Though founded in the 1790s by François-Simon-Alphonse Giroux, the firm began regularly manufacturing fine furniture in the 1840s under the direction of his son Alphonse-Gustave. Popularly known as 'Maison Giroux' during the second half of the 19th century, the firm came under the direction of Ferdinand Duvinage and his partner Harinkouck in 1867. Under his joint, and later sole, direction the firm participated in consecutive International Exhibitions.
Following Duvinage's death in the previous year, his widow, Madame Rosalie, filed a patent in 1877 for what she described as 'une mosaïque combiné avec cloisonnement métallique'. Mounted with brass, ivory and stained fruitwoods, pieces integrating the patented technique are identified by an etched FD and Bte in superscript indicating breveté, or 'patent'. Signed works embellished with the unique method were first exhibited to great acclaim at the 1878 Exposition Universelle in Paris.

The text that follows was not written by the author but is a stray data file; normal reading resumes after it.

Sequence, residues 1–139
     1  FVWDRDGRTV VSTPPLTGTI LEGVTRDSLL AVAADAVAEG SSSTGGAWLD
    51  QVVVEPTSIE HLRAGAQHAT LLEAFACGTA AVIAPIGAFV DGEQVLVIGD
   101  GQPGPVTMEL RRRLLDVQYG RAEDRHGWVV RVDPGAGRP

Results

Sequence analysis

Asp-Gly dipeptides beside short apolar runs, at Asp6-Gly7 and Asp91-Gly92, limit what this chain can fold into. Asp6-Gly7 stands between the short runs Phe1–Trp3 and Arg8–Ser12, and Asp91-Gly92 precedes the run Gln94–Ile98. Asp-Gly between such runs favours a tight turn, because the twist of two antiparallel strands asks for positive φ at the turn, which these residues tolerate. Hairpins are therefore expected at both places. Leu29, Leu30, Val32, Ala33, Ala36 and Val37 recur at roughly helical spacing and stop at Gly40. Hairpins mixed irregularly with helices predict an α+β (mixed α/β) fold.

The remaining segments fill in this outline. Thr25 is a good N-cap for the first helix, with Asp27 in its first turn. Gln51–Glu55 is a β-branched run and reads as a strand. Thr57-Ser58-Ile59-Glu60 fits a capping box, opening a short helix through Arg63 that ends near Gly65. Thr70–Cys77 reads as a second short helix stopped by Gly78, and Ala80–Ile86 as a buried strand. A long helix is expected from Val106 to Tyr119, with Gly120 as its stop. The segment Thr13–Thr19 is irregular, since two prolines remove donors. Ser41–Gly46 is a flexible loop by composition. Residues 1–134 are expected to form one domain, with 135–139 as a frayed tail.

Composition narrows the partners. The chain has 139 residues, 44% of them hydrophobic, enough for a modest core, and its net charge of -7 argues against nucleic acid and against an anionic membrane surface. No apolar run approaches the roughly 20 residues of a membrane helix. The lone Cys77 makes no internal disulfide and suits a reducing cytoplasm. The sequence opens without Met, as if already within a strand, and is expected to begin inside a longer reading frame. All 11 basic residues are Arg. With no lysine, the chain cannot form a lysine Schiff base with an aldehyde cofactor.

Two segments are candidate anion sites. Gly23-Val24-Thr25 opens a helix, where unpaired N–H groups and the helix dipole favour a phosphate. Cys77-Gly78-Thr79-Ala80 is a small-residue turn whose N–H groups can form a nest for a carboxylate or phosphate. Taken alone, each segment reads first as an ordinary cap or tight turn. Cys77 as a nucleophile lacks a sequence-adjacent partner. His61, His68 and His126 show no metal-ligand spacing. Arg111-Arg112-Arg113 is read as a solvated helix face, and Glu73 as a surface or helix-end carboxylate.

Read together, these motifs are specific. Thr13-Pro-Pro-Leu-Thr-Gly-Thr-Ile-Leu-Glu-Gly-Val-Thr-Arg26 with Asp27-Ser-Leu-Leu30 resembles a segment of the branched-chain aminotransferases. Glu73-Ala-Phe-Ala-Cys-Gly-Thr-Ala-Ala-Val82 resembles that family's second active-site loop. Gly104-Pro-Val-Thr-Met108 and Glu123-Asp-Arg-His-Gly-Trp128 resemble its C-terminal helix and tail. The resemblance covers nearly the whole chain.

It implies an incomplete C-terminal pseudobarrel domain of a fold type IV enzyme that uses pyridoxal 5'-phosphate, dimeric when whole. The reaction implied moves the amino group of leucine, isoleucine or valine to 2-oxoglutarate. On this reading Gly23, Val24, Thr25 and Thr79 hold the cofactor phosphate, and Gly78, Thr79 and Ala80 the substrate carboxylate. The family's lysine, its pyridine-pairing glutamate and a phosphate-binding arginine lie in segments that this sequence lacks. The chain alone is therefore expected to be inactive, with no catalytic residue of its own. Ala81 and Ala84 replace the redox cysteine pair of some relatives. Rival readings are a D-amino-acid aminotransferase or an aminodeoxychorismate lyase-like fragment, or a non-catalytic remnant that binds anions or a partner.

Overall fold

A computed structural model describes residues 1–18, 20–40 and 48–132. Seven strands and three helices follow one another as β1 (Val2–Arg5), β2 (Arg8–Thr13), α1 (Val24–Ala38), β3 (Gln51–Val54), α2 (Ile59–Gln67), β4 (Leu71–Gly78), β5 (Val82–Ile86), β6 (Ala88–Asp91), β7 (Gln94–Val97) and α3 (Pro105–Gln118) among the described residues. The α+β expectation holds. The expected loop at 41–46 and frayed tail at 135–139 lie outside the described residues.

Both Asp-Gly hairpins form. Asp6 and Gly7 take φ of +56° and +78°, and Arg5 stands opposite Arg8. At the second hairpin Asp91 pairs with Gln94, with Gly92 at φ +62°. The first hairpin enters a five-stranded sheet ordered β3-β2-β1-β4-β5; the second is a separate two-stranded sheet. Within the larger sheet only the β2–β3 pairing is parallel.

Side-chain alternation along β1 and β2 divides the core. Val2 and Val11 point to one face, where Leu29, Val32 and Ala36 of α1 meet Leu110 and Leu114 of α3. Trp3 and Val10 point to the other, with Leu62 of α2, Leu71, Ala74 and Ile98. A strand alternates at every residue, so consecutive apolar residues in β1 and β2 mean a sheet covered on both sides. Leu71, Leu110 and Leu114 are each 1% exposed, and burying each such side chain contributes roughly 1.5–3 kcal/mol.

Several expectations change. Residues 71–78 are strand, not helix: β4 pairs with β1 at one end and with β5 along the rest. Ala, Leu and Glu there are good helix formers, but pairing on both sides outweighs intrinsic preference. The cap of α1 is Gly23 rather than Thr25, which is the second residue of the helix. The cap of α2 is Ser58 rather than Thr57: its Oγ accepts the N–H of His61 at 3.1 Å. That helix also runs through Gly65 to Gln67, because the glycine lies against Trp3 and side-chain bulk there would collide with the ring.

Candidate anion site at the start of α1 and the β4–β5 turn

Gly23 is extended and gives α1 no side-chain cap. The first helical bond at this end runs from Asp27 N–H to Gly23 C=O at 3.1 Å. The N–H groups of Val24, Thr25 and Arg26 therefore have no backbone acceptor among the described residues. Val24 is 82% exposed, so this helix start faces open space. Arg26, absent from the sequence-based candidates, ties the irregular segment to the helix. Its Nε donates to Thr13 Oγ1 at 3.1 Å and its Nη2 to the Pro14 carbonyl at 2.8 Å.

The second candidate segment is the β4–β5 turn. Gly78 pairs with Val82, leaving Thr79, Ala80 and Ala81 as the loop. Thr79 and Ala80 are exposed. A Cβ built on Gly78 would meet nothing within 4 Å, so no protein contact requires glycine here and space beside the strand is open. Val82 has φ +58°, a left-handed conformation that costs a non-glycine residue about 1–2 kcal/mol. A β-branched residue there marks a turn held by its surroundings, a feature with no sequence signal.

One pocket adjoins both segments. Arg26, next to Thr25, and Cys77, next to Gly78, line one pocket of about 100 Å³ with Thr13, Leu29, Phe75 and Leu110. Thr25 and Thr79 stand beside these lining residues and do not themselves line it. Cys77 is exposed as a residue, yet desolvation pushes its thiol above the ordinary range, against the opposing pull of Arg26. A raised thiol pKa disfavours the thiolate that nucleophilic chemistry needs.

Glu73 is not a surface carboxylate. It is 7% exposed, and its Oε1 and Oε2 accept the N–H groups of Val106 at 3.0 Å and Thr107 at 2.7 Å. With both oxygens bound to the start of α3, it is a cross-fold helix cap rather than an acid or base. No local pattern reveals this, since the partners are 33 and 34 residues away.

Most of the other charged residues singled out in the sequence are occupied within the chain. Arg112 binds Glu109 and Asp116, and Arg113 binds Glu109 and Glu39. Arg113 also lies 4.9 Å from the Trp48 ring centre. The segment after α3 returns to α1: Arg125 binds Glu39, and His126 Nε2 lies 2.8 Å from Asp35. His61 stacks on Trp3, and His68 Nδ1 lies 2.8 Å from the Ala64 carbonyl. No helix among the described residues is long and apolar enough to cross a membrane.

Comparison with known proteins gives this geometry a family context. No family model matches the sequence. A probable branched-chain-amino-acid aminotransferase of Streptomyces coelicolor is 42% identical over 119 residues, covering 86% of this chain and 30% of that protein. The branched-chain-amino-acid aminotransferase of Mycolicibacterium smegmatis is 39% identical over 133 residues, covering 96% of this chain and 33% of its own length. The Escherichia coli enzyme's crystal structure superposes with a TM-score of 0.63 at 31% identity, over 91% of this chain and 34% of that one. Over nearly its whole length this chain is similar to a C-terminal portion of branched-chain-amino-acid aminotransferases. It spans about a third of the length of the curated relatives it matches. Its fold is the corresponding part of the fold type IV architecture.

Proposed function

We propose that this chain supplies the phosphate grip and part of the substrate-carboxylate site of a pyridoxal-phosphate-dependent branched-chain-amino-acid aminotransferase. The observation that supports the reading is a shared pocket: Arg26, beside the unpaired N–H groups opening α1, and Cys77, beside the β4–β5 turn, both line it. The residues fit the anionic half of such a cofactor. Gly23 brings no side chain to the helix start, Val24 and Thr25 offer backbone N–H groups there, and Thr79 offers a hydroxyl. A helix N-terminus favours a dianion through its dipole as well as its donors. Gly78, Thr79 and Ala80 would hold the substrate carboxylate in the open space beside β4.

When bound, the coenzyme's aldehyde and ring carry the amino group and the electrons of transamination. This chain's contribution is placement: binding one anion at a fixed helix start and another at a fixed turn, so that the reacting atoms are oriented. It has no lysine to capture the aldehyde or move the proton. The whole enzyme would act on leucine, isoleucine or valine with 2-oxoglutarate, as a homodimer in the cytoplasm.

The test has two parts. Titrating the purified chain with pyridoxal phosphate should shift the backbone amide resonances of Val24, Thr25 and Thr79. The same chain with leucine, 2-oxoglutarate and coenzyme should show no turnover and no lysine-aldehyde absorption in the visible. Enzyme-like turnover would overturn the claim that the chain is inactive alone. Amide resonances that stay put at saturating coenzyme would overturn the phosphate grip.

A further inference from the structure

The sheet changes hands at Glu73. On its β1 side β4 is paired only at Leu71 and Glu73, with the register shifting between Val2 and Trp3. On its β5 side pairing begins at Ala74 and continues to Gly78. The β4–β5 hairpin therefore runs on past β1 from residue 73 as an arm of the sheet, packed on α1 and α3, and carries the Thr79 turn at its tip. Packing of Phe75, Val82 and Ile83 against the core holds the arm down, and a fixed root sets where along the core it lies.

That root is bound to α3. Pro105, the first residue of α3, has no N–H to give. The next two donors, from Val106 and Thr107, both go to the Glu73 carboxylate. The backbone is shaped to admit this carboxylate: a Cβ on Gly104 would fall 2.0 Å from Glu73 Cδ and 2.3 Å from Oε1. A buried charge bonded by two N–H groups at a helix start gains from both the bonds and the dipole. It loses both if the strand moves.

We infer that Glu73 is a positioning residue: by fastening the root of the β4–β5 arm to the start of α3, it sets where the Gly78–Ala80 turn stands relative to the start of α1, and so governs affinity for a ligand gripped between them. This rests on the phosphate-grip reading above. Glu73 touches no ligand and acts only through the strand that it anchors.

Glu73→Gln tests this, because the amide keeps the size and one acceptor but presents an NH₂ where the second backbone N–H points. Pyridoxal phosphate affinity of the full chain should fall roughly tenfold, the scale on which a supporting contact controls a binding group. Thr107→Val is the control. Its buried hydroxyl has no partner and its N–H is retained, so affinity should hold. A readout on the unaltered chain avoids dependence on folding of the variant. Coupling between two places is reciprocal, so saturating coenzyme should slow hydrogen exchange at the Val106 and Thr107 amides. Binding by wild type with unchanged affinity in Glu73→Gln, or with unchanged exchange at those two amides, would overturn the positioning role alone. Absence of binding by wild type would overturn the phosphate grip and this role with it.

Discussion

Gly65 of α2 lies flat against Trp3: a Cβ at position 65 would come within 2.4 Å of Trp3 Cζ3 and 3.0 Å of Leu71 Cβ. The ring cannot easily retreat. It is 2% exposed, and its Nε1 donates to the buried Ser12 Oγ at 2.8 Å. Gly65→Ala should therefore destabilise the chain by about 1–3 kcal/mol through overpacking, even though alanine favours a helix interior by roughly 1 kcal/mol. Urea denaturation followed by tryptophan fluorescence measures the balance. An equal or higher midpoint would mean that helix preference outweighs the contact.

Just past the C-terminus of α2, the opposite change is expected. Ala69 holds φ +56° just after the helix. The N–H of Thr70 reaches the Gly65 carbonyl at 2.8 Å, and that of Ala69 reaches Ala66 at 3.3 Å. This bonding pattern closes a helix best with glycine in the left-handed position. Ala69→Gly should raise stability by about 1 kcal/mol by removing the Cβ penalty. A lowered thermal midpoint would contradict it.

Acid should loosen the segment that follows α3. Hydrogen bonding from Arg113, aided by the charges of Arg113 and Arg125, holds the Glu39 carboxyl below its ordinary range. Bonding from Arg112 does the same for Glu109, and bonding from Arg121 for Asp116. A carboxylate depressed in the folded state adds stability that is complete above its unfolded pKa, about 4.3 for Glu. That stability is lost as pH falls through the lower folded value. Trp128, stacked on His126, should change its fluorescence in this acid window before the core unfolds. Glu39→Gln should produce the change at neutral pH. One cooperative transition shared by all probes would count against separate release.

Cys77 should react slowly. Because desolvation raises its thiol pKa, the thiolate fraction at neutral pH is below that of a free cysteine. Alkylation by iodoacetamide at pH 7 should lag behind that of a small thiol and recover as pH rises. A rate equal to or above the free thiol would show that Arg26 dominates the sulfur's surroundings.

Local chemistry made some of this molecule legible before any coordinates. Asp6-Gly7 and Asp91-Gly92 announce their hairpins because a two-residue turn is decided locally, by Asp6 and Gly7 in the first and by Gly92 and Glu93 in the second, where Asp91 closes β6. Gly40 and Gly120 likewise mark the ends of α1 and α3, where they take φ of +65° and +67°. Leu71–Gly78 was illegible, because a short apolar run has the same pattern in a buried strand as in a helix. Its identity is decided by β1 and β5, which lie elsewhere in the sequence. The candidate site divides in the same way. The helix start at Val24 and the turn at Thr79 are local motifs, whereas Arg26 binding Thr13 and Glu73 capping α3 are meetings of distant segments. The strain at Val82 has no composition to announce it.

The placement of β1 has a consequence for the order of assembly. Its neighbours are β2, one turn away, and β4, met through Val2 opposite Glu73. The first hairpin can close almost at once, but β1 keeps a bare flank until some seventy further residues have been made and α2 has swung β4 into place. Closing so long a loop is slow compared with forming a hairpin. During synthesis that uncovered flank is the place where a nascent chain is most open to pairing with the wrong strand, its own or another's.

Having firmly established a name in luxury furnishings and ornamentation, Maison Giroux, under the direction of Madame Rosalie, produced an increasing number of decorations utilizing the signature technique, some of which are preserved in private and museum collections. The firm's magnificent cabinet-on-stand, now housed at the Musée d'Orsay, and an occasional table residing at The Art Institute of Chicago are excellent examples incorporating ormolu, ivory, brass, pewter and silvered- and gilt-copper. However, the artist's intricate Japanese-inspired designs were not exclusively reserved for furnishings and the firm produced a variety of decorations and table accoutrements, much like the present cache-pot. A fine ormolu-mounted cache-pot was sold Sotheby's, New York, The Collection of Gianni Versace, 21 May 2005 ($38,400) and a nearly identical example to the present lot was sold Sotheby's, Paris, 9 April 2008, lot 259 (53,050).